Eleaticism and Socratic Dialectic: On Ontology, Philosophical Inquiry, and Estimations of Worth in Plato’s Parmenides, Sophist and Statesman.
Peer reviewed, Journal article
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- Department of Philosophy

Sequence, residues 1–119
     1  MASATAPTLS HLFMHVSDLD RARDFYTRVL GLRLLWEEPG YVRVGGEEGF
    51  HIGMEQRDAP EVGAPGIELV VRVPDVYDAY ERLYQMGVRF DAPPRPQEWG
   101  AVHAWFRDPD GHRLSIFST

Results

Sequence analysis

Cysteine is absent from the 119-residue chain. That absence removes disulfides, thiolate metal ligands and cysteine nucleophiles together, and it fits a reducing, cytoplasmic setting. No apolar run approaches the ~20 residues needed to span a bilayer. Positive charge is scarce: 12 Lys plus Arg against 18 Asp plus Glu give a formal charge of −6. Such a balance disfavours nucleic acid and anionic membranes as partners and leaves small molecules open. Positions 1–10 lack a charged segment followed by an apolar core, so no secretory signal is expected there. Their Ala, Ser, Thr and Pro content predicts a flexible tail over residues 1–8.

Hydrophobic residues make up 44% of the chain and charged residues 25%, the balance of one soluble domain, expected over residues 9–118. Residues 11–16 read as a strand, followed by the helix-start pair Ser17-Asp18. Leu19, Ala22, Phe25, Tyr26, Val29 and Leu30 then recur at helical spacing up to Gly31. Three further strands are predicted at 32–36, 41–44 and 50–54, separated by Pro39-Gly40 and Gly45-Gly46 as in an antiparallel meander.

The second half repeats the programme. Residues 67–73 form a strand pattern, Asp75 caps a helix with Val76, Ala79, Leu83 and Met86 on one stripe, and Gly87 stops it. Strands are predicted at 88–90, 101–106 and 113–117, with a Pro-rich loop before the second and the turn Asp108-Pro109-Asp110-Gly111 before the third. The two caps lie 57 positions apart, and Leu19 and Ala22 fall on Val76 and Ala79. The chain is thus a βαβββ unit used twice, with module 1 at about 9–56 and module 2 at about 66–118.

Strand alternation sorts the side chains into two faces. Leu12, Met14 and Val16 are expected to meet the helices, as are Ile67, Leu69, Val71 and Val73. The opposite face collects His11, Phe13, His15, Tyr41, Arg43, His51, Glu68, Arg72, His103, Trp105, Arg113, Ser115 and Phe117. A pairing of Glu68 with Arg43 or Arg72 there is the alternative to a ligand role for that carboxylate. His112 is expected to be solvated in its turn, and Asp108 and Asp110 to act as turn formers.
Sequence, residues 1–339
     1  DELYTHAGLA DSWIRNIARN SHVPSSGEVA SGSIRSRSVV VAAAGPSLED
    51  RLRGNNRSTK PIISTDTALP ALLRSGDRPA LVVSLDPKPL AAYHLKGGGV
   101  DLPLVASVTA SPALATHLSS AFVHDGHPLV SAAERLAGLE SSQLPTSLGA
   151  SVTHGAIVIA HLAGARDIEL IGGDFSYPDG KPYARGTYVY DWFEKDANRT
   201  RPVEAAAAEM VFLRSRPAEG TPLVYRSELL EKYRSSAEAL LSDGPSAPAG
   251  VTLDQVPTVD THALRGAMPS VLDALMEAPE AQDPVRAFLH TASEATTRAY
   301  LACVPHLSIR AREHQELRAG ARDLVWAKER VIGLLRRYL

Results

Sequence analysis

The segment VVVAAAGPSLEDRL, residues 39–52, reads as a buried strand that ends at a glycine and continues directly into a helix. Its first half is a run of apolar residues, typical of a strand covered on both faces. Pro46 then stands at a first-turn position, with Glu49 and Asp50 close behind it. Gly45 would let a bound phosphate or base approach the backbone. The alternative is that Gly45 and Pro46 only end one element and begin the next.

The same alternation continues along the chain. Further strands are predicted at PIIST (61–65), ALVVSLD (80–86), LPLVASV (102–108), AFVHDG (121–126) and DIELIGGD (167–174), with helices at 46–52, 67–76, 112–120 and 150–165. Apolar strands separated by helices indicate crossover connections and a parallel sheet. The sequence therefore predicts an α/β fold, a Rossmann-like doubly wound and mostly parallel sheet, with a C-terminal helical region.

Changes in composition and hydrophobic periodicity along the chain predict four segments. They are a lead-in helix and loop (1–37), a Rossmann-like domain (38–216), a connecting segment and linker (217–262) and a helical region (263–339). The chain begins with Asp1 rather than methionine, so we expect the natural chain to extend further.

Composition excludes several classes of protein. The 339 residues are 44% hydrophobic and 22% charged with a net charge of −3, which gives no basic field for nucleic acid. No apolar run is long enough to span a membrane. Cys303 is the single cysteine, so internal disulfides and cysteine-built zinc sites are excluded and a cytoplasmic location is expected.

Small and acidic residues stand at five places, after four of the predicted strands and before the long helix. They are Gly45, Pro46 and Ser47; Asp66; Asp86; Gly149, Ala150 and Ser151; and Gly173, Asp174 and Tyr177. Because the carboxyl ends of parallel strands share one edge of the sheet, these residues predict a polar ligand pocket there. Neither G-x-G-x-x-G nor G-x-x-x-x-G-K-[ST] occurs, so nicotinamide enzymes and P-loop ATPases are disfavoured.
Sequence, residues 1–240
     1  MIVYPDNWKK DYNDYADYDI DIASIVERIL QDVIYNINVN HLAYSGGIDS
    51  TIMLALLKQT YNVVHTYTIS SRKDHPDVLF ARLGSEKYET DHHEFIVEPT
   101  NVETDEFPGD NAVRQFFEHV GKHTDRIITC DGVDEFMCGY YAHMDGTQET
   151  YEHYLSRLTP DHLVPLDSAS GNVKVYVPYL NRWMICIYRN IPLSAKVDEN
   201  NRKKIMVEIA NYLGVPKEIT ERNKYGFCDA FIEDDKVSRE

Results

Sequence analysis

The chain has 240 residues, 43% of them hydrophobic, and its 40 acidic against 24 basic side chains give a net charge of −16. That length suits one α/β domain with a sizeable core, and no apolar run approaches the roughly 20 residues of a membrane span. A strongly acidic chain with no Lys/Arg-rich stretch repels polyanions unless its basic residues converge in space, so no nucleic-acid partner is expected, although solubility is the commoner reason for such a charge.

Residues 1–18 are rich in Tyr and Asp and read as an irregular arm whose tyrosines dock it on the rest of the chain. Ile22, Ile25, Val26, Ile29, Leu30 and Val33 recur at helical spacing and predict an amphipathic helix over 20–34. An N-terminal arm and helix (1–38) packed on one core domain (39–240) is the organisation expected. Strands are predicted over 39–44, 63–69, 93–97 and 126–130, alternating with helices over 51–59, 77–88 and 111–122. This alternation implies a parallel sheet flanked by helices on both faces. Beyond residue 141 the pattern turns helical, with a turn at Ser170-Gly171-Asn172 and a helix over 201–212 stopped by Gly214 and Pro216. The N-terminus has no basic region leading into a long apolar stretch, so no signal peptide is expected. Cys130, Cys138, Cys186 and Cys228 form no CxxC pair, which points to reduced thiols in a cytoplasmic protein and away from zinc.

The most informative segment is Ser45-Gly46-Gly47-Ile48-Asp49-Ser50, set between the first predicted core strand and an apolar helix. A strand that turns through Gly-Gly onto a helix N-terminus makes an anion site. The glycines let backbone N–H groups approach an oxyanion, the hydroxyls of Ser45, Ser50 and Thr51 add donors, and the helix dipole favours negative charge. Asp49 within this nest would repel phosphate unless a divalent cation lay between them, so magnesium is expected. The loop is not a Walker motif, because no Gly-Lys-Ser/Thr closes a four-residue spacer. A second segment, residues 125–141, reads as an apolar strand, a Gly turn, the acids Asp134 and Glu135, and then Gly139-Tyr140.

The Parmenides poses the question for what entities there are Forms, and the criticism of Forms it contains is commonly supposed to document an ontological reorientation in Plato. According to this reading, Forms no longer express the excellence of a given entity and a Socratic, ethical perspective on life, but come to resemble concepts, or what concepts designate, and are meant to explain nature as a whole. Plato’s conception of dialectic, it is further suggested, consequently changes into a value-neutral method directed at tracing the interrelation of such Forms, an outlook supposedly documented in certain passages on method from the Sophist and the Statesman as well. The article urges that this reading is untenable. For in the Parmenides the question for what entities one should posit Forms is left open, and the passages on method from the Sophist and Statesman neither encourage a non-normative ontology nor a value-neutral method of inquiry. What the three dialogues encourage us to do is rather to set common opinions about the relative worth and value of things aside when conducting ontological inquiries; and this attitude, the article concludes, demonstrates a close kinship, rather than a significant difference, between Plato’s Socrates and his Eleatic philosophers.